In the modern world, there are numerous myths and stereotypes on the “homeless population.” Stereotypes and Myths about the homeless are due to misconceptions caused by ignorance, overgeneralizations from one experience, and minimal access to the real facts. Since the homeless population is frequently referred to “the invisible people,” it is reasonable why these stereotypes and myths develop and why they continue. However, these myths and stereotypes may be challenged by the real facts and broken down by individuals willing to take a new look at what they thought they knew. Most of us think the problem of homelessness is related social problems such as stereotypical skid row bums, drug addiction, and possibly the mentally sick living on the footpaths begging for money from passerby. According to Letiecq, not all people who are homeless live on the streets, some of them can be staying with a friend or a family member, someone lives in overcrowded places, someone lives in poor conditions which are harmful to their health, and someone stays away from their family members because of certain circumstances. Homelessness can affect or can be a person from all walks of life, both female and male, from all ages, races and cultural setting, homelessness doesn’t discriminate(Letiecq, Anderson, & Koblinsky, 1996 pg. 269). Approximately 25% of the homeless population comprises of people under the age of 18. Additionally in every 40 women between the age of 18 and 24 one of them is homeless. According to Williams, due to the high cost of housing in the United States, most youths are homeless to the lack of employment or presence of proper shelter. Hence homelessness among the young adults is a major social problem in the United States of American. It can be as a result of events such as runaways, throwaways, and street youth. According to the National Coalition for the Homeless, homelessness is not a new social problem it has always been present in our communities. In the recent years, this social problem has grown to become more and more severe issue over the years. The National Coalition for the Homeless of United States define homeless is any individual who lacks or cannot be able to afford a house to stay in (2008). They are also referred to as “unaccompanied” youth (National Coalition for the Homeless, 2008). Homelessness of the youths and the underage kid is a very severe issue since these age groups are at greater risk because of the higher rates of vulnerability due to the cultural and background setting associated with their lifestyle. United States perception of the homeless is based on various myths and stereotypes which affect the process of helping the needy. These misconceptions are very dangerous since they interfere with helping those in need. Hence to help and solve the homelessness issue we must first stop these myths and stereotypes about the homelessness. One of the most common myths is that all homeless individuals are drug addicts and alcoholics. Less than a half of the homeless adults in the United States are currently struggling with drug addiction or have struggled with addiction or alcoholism in the past. The rest of the population does not have any alcohol or drug addiction problem. Consequently, most drugs in the United States are costly for the homeless to afford. The second misconception is that all homeless individuals are mentally ill or have mental health disorders, hence creating a belief that all homeless people should be referred to psychiatric centers rather than receiving help. Additionally, most people associate homelessness with mental illness due to violent activities is done by the homelessness communities. Statistics show that approximately 30 to 35% of the homeless population in the United States has a mental health illness. However, it’s only the 25% the homeless individuals suffer from the serious mental disorder. Individuals with mental health disorder are at a great risk of suffering from one of the three reasons which may cause them to be homeless; these factors include unemployment, poverty, divorce and personal vulnerability. Also, homelessness may intensify the mental health disorder, through the stress of lacking a home or having poor housing may cause deepening of previous mental disorders which cause anxiety, insomnia, drug consume and depression. Another misconception about the homeless is that all homeless people are too lazy to work. Individualism makes most people believe that the homeless individuals do not deserve the helped since they are considered responsible for their condition. Research shows that more than a half of homeless individuals in the United States are unemployed. However, this does not mean they are all lazy. Most of them might have lost their employment by no fault of their own or because of injury, age, illness or disability. Additionally, individual that meets the required condition to work experience numerous barriers which hinder them from being employed. These misconceptions and stereotypes of the homeless make companies not to trust the homeless into giving them a job. On the other hand, some people sleep on the streets, and they are employed. This is because they do not achieve the required requirements to buy or rent an apartment or they earn very little to do it. Most real estate companies or house owners demand their tenants should have an income which is three times more than the monthly rent, hence limiting the low earning citizens. It’s not ethical to judge the homeless since some have become homeless due to life situations which are not a choice. Some of these life situations include disability, illness, and unemployment or gender violence. Homeless Children and adolescents are the most vulnerable groups in this social issue. Approximately 1,5 million of children live in a home annually in the United States. Also, a quarter of the gay adolescent children may be ousted out if their guardians or parents discover their original alignment. Gay and bisexual youths represent about 40% of the gay homeless individuals in the United States. Transsexual teenagers are another risk group which is also likely is expelled from their homes by their parents. Some parents even go ahead to oust their kids out if they engage in sex before marriage or pregnancy, and deficient performance in school work. According Ravenhill, to solve this social issue of homelessness, we must first understand the problem comprehensively. Myths and stereotypes are used to simplify the issue and make people understand its difficulty. Perhaps the main myth is believing and having faith that this issue is solvable. Even though most communities have lived in the streets for decades in the United States, in the last decade there has been great progress. For example, in the last decade the Salt Lake City, Houston o Phoenix, has reduced more than 70% of the homeless population. According to Norman, in analyzing the success of the homeless communities, there is evidence that the main element of reducing the number of the homeless individuals is the same in all situations. The best method of solving the homelessness issue is the use of “Housing First” strategy. In this method, the first step is to help the homeless individual to come out of the homelessness state by acquiring a stable accommodation. This strategy has achieved numerous positive historical outcomes in the society where the plan has been implemented. Traditional methods used to reduce homeless were mainly based on criminalizing the homeless individuals and punishing them. This method has not lead to any positive result. The issue is not the persons and their choices but the circumstances which haven’t been selected.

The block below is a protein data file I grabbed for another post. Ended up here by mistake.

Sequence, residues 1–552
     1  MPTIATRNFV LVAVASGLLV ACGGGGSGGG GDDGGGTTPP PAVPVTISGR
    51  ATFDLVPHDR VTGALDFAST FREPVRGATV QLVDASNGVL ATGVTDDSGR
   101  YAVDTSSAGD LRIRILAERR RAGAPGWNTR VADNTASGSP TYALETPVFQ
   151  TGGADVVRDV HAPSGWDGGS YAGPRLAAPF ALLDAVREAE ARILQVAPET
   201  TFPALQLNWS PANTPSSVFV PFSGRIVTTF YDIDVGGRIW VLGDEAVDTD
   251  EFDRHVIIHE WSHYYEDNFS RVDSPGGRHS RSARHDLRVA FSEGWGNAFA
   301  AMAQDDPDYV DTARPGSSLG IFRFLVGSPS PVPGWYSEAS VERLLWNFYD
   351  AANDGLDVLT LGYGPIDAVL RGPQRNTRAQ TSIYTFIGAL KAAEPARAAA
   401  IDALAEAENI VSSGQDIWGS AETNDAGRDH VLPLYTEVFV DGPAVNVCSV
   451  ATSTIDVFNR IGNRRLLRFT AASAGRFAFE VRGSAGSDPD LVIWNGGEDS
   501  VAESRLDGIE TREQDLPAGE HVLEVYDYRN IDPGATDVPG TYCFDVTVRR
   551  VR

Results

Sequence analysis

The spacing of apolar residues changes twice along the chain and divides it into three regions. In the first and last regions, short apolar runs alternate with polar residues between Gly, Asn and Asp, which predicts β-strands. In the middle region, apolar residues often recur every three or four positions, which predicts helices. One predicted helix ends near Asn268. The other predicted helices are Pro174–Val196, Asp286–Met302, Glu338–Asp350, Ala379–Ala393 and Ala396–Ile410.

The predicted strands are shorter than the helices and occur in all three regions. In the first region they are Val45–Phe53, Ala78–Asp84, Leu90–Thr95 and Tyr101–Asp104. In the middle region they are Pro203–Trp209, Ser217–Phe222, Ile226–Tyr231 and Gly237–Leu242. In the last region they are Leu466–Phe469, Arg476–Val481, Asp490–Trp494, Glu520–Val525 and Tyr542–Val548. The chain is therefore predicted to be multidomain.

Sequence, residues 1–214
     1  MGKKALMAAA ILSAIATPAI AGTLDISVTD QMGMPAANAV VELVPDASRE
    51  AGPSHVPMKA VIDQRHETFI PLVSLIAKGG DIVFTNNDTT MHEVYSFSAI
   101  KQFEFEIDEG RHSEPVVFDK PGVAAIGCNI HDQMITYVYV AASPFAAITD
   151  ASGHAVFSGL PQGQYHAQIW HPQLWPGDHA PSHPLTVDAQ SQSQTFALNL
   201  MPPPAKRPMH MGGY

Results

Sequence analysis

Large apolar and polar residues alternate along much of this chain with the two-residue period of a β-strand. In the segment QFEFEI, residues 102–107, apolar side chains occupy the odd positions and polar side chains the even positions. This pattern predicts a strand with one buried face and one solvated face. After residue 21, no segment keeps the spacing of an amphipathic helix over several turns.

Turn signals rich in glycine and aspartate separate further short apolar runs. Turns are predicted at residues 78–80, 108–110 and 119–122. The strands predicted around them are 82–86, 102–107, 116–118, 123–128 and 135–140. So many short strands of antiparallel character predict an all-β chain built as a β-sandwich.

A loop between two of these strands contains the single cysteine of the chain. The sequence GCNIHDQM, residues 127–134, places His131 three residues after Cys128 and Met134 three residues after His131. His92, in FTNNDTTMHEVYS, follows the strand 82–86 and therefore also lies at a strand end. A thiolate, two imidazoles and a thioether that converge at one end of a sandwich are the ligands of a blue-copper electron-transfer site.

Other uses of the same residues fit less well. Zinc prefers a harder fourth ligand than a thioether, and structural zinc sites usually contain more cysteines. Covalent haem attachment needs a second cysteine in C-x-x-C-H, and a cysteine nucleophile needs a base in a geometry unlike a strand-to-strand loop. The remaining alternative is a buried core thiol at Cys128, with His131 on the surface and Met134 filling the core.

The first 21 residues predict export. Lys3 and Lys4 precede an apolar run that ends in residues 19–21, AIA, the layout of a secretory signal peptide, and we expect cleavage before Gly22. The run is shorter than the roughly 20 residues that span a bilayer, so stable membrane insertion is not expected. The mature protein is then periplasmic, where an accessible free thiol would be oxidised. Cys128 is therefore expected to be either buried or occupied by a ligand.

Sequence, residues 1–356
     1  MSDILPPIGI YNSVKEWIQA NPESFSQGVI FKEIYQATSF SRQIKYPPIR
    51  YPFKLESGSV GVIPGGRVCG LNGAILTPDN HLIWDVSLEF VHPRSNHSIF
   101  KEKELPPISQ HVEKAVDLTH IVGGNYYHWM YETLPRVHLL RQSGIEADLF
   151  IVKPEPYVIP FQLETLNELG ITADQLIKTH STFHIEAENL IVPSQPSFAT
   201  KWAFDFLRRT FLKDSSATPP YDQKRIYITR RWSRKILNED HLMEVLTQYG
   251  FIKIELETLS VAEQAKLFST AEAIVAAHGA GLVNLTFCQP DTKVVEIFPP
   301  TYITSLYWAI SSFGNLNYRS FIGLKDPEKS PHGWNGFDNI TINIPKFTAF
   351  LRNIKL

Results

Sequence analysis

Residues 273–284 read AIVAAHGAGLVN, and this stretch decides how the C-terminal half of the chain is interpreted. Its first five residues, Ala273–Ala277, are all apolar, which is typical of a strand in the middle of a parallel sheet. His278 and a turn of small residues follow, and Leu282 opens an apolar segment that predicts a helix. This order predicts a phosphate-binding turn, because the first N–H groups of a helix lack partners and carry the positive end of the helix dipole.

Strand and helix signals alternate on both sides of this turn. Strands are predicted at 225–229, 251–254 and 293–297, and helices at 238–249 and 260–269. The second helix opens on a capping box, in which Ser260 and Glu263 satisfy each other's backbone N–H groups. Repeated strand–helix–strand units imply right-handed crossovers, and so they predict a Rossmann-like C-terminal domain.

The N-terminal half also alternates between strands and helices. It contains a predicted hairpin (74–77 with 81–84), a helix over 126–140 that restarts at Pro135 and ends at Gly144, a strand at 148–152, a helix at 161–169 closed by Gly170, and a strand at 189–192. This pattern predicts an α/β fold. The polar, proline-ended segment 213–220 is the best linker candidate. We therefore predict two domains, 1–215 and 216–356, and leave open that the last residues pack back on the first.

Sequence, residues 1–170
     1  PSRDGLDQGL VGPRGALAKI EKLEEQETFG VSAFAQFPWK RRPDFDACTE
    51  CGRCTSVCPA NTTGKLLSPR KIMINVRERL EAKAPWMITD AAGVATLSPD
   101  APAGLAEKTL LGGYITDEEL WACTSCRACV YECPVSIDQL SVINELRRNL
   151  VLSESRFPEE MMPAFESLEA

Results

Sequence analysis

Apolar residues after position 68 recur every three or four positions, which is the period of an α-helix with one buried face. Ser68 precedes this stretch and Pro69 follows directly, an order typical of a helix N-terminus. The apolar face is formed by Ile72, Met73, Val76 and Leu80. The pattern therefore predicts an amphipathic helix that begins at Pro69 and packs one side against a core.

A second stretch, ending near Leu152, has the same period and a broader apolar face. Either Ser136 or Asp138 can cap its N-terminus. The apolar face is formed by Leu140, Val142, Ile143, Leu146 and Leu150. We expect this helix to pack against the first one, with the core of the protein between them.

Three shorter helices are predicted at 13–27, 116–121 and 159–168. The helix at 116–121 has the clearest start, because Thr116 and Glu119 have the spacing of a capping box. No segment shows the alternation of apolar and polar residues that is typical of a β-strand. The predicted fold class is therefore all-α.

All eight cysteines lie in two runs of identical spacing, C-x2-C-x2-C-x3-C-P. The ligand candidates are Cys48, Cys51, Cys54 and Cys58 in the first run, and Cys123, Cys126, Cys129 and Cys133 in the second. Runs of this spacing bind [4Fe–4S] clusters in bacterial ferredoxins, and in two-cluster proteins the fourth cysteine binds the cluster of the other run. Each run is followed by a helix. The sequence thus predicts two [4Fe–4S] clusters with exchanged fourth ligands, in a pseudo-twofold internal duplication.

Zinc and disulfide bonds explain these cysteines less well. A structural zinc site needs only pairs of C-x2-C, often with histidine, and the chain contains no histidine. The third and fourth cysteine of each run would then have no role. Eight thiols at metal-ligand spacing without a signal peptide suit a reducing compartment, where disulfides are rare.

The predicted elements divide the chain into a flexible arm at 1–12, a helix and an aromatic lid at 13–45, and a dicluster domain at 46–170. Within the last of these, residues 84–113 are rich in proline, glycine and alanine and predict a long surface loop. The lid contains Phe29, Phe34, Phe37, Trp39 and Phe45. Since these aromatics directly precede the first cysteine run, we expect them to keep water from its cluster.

Anyone can be homeless regardless of race, sex, and nationality. We should move away from the stereotypes and generalizations of the homeless population to understand better the issues facing them and how to assist them best. It’s easy to judge others; furthermore, the reality is that we frequently don’t know or even bother to know where such people are coming from or what circumstance has led them to the point of being homeless. To solve this social issue of homelessness, we must first understand the problem comprehensively. This will help reduce the number of homeless individuals.
Letiecq, Bethany L., Elaine A. Anderson, and Sally A. Koblinsky. “Social support of homeless and permanently housed low-income mothers with young children.”? Family Relations? (1996): 265-272. Ravenhill, Megan.? The culture of homelessness. Routledge, 2016. Vissing, Yvonne.? Out of sight, out of mind: Homeless children and families in small-town America. University Press of Kentucky, 2015. Herring, Chris. “The new logics of homeless seclusion: homeless encampments in America’s west coast cities.”? City & Community? 13.4 (2014): 285-309. Williams, Jean Calterone.? A roof over my head: Homeless women and the shelter industry. University Press of Colorado, 2016. Norman, Trudy, et al. “Taking a leap of faith: Meaningful participation of people with experiences of homelessness in solutions to address homelessness.” (2015).
Stereotypes Of Why The Homeless Are Homeless. (2018, Dec 17).